Finance and productivity guru Ramit Sethi, one of the cofounders of PBWiki, urges his readers to focus on a few big wins over large numbers of small wins.
You can probably see how this builds off the previous strategy of minimizing decisions. As Ramit explains, humans are cognitive misers — we only have so much mental bandwidth with which to make decisions.
However, Ramit goes beyond just saying to make fewer decisions, and makes the point that the decisions you do choose to focus on should provide ongoing benefits in return for a one-time action, as opposed to one-time benefits.
In finance, the prime examples of this are saving money on your rent, car payments, insurance, and phone bill — and not getting bogged down in trying to save money every single day by not grabbing a coffee at Starbucks, or not ordering an appetizer when you go out to eat.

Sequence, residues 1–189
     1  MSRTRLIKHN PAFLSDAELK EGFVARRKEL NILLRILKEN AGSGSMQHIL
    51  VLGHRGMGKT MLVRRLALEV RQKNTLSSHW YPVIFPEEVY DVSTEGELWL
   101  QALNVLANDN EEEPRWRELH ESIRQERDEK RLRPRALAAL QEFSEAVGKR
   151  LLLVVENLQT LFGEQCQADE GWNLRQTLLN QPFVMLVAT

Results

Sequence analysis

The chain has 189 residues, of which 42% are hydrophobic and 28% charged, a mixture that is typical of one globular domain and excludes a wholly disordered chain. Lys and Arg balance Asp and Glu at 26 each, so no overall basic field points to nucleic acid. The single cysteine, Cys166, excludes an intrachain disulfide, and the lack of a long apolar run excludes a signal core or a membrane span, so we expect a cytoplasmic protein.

In fact, Ramit makes the point that when you nail the big wins, you can let yourself enjoy many of life’s small pleasures, guilt-free. There’s no need to be perfect.
A prime health-related example would be that many people make an effort to walk more, often scheduling a time to take a walk every day. Someone applying this strategy would instead move to a more walkable neighborhood, knowing that they’ll naturally walk more once they do.
Another example: instead of trying to pick the lowest-calorie option for every meal, just eat less often. If you eliminate between-meal snacking, and eat only two meals a day, a few days a week, you’ll be cutting out a lot more calories than if you stress about eating white meat vs dark meat.